March Newsletter: Page 2
Professor Dan Goia
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As part of the same project, Dr. Goia’s group has also perfected a process that allows selective removal of the base metal core and the formation of hollow NiPt alloy nanoparticles with open structures (Figure 2). As in the case of ‘solid core’ particles, the gradient of Pt concentration in the shell can be varied from its center to periphery and the Ni:Pt ratio of the surface controlled. The substantially increased specific surface due to interior cavities and the low curvature of both internal and external surfaces provide an additional increase in the mass specific activity. To date, the results of the research related to these unique catalyst architectures have been captured in five worldwide patents.
Figure 2: Hollow NiPt alloy particles (left); high resolution TEM image of a hollow NiPt naonoparticle (right).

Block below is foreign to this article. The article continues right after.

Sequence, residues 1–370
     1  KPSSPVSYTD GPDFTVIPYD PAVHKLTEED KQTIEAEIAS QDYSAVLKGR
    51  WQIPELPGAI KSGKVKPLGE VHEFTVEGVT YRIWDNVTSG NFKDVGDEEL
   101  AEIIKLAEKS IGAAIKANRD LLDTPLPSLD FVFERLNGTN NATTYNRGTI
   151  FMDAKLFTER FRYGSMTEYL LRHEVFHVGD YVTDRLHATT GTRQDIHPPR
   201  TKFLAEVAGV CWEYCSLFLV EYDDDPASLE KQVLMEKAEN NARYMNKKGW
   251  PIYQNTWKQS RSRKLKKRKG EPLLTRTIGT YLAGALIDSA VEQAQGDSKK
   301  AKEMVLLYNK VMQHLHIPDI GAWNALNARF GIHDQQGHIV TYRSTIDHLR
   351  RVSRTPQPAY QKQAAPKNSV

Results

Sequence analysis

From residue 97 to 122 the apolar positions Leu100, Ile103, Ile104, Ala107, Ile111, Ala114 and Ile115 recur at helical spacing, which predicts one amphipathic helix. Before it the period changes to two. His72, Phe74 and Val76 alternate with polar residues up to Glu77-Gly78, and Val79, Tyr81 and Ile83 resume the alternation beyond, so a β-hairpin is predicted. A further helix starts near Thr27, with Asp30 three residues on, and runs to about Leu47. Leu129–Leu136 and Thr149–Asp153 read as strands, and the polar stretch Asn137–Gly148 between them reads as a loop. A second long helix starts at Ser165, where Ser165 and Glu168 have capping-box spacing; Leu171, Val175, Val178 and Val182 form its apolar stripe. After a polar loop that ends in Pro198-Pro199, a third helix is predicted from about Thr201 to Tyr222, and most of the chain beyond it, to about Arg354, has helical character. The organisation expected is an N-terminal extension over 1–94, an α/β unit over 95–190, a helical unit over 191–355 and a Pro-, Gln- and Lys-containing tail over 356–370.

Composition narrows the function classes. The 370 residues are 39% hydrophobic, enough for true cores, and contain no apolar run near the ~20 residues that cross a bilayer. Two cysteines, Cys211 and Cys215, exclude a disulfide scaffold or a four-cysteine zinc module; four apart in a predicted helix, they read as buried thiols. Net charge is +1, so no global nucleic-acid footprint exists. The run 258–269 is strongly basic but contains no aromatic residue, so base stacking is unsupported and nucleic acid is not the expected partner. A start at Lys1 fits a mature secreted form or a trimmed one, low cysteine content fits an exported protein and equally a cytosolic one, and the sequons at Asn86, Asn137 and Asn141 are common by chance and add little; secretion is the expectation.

Biomolecular Release Triggered by Glucose Input – Bioelectronic Coupling of Sensing and Actuating Systems
Professor Evgeny Katz and a group of postdocs and students designed a new “smart” drug-delivering system. A drug-mimicking release process was triggered by a glucose signal. The presence of glucose resulted in the formation of a negative potential on an electrode modified with PQQ-dependent glucose dehydrogenase. The glucose oxidizing enzyme electrode was coupled with another electrode coated with Fe+3-crosslinked alginate polymer film.
Graduate student Shay Mailloux
Formation of negative potential in the presence of glucose resulted in the reduction of crosslinking Fe+3 cations and dissolution of the alginate film. The entrapped species were released from the dissolved alginate mimicking signal-controlled drug release. In order to minimize non-controlled leakage from the alginate, large species, horseradish peroxidase–Au nanoparticle conjugates, were entrapped into and then released from the alginate polymer. The electronic coupling between glucose sensing and releasing systems allows a simple platform for future drug releasing systems triggered by biochemical signals. See Figure 3. The research is mostly performed by Shay Mailloux – a Ph.D. student in Professor Katz’s research group.
Figure 3: Illustration of the drug-releasing process.